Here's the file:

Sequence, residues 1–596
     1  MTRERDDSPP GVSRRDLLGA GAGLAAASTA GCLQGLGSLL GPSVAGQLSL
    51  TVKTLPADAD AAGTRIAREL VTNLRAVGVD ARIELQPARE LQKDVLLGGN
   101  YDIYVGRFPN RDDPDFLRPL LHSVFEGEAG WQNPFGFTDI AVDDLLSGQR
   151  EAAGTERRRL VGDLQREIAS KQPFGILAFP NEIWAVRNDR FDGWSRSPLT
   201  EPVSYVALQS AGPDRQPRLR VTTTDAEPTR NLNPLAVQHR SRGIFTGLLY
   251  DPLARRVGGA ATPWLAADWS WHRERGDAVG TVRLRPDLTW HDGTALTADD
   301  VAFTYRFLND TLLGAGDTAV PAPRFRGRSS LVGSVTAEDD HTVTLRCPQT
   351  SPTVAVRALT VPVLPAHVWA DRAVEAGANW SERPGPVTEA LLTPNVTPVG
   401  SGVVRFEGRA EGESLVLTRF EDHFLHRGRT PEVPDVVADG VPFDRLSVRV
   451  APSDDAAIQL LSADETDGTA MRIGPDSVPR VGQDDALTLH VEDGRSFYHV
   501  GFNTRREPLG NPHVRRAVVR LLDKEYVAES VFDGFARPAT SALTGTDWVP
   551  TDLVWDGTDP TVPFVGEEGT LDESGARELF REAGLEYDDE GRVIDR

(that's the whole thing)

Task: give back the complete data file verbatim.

Sequence, residues 1–596
     1  MTRERDDSPP GVSRRDLLGA GAGLAAASTA GCLQGLGSLL GPSVAGQLSL
    51  TVKTLPADAD AAGTRIAREL VTNLRAVGVD ARIELQPARE LQKDVLLGGN
   101  YDIYVGRFPN RDDPDFLRPL LHSVFEGEAG WQNPFGFTDI AVDDLLSGQR
   151  EAAGTERRRL VGDLQREIAS KQPFGILAFP NEIWAVRNDR FDGWSRSPLT
   201  EPVSYVALQS AGPDRQPRLR VTTTDAEPTR NLNPLAVQHR SRGIFTGLLY
   251  DPLARRVGGA ATPWLAADWS WHRERGDAVG TVRLRPDLTW HDGTALTADD
   301  VAFTYRFLND TLLGAGDTAV PAPRFRGRSS LVGSVTAEDD HTVTLRCPQT
   351  SPTVAVRALT VPVLPAHVWA DRAVEAGANW SERPGPVTEA LLTPNVTPVG
   401  SGVVRFEGRA EGESLVLTRF EDHFLHRGRT PEVPDVVADG VPFDRLSVRV
   451  APSDDAAIQL LSADETDGTA MRIGPDSVPR VGQDDALTLH VEDGRSFYHV
   501  GFNTRREPLG NPHVRRAVVR LLDKEYVAES VFDGFARPAT SALTGTDWVP
   551  TDLVWDGTDP TVPFVGEEGT LDESGARELF REAGLEYDDE GRVIDR